The chief financial officer of Chinese tech giant Huawei is suing Canada over her arrest at Vancouver airport last year for allegedly violating her civil rights.

Meng Wanzhou, CFO and daughter of Huawei founder Ren Zhengfei, is claiming damages against the Royal Canadian Mounted Police (RCMP), Canadian Border Services Agency (CBSA) and the Canadian federal government for detaining and interrogating her before telling her she was under arrest.

Meng's claim -- which she filed Friday in British Columbia's Supreme Court -- alleges that her detention was "unlawful" and "arbitrary," and that the arresting officers had "intentionally failed to advise her of the true reasons for her detention, her right to counsel, and her right to silence."

This follows reports that the Canadian government has approved extradition proceedings against Meng, infuriating China and exacerbating an already bitter quarrel between two of the world's biggest economies.

Canadian authorities detained Meng last December on charges related to alleged violations of U.S. sanctions law on Iran. Calling the matter "a severe political incident," Chinese Foreign ministry spokesman Lu Kang said Saturday that Beijing "deplores and firmly opposes the Canadian side's obstinately moving forward the so-called judicial process."

"We once again urge the U.S. side to immediately withdraw the arrest warrant and extradition request for Ms. Meng Wanzhou and urge the Canadian side to immediately release Ms. Meng Wanzhou and ensure that she returns to China safe and sound," the statement read.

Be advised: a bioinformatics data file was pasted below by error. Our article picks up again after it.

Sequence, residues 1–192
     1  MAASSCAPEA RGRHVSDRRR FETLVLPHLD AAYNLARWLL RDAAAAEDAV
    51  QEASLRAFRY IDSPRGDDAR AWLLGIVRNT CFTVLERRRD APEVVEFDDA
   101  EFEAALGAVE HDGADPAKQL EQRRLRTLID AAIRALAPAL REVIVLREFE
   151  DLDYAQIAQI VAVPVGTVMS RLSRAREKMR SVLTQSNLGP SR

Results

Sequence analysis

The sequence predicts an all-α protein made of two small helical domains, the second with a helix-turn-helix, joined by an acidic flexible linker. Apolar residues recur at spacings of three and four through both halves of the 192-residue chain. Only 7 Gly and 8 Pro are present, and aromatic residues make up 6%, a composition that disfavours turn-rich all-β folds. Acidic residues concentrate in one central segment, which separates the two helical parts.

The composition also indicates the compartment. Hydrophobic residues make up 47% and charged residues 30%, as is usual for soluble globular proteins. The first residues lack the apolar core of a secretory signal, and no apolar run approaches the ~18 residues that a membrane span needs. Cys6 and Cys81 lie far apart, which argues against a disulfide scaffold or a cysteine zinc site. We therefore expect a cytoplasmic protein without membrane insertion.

Diplomatic relations between the two countries have deteriorated badly since Meng's arrest. In what were apparently retaliatory moves, China arrested two Canadians on national security grounds; and a Chinese court hastily sentenced to death a Canadian man whom Chinese authorities had only jailed for drug smuggling.

In a statement issued Friday, the Canadian government said the extradition hearing, which will begin at British Columbia's Supreme Court within the week, "is not a trial, nor does it render a verdict of guilt or innocence."

Supporters of Huawei CFO Meng Wanzhou stand with a sign outside British Columbia Supreme Court in Vancouver, Canada. Meng is accused of fraud stemming from violating U.S. sanctions on Iran. Rich Lam/Getty Images

Even so, a federal justice minister will probably have to confront the difficult choice of offending the U.S. by rejecting the extradition bid, or China by accepting it.

The U.S. position on the issue adds another layer of complexity. Meng's case is one of several ways the United States is attempting to apply pressure on Huawei.

The U.S. government sees the Chinese company's technology as a threat to national security. Friday's announcement came a day after Huawei pleaded not guilty to federal charges alleging it tried to steal trade secrets from T-Mobile ( TMUS ). Washington has pressured other countries into limiting their use of the Huawei's technology, warning they could be rendering themselves vulnerable to surveillance and data breaches.

Meng owns two mansions in Vancouver and is currently out on bail. She will again appear in court on March 6 to schedule the date of the hearing. She will remain under house arrest throughout the extradition proceedings, as a stipulation of her bail. The court has assigned her a security detail and she must continue to wear a GPS tracking device around her ankle.